Finding ways to combat such an environment, and the health consequences that come with it, has proven difficult. As Grant et al. (2015) indicate, antivaccination advocates do not generally rely on reasoned, evidence-based arguments to make their claims, which makes scientific evidence fairly useless in combatting false claims (see also Kata 2010; Bean 2011; Moran et al. 2016). Additionally, antivaccine arguments are constantly changing and adapting to new events and challenges, while also appealing to a variety of sentiments, such as conspiratorial thinking, freedom, resistance to government authority, preventing harm against children, and suspicion of experts (Bean 2011; Smith and Graham 2017). In a recent study, Pluviano et al. (2018) found that attempting to debunk potential myths about childhood vaccines using facts and statistics proved exceedingly difficult, resulting in significant “backfire effects,” where parents dug further into false beliefs (Pluviano et al. 2018; Nyhan et al. 2014; for a competing view suggesting a limit to the backfire effect, see Wood and Porter 2018).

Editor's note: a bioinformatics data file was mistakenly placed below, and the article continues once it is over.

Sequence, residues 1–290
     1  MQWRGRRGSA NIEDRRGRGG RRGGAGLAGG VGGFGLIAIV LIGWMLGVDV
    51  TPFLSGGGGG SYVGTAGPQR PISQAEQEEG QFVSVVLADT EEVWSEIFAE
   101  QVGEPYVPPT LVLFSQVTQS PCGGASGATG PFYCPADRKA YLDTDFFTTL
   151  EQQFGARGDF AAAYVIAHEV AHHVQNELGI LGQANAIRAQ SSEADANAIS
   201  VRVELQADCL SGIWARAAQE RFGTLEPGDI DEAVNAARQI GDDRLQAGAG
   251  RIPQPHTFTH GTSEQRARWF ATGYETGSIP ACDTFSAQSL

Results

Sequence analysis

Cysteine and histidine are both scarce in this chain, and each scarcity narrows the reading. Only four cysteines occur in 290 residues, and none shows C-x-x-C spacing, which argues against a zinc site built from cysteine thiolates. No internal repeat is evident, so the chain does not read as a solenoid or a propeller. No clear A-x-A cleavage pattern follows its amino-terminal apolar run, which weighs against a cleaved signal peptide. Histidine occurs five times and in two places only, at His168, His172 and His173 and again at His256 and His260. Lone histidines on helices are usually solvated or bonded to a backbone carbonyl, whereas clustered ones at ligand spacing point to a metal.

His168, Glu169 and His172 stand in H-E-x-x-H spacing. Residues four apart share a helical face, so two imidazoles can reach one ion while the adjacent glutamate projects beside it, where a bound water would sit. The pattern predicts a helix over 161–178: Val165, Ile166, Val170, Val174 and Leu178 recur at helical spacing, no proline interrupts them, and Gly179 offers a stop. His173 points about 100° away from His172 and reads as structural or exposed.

In the wake of the “failure” of fact, scholars have investigated other means of combatting false beliefs about vaccines. Increasingly common suggestions are media literacy programs and enhancing the ability of patients to identify credible sources, as with efforts to mitigate other forms of disinformation. A major hurdle to this type of solution is the trap of “selective exposure,” in which internet users are more likely to view information that aligns with their beliefs as “credible and useful,” a phenomenon that Meppelink et al. (2019) found heavily influences users seeking information about vaccines (see also our research review on Contexts of Misinformation). Complicating things further, studies have shown that parents with higher “health literacy” (defined as the extent to which people are able to use information sources in making informed health decisions) are actually less likely to vaccinate their children, perhaps because they perceive online health information as more reliable than it actually is, or because they view themselves as more knowledgeable than they actually are (Meppelink et al. 2019; Amit Aharon et al. 2017).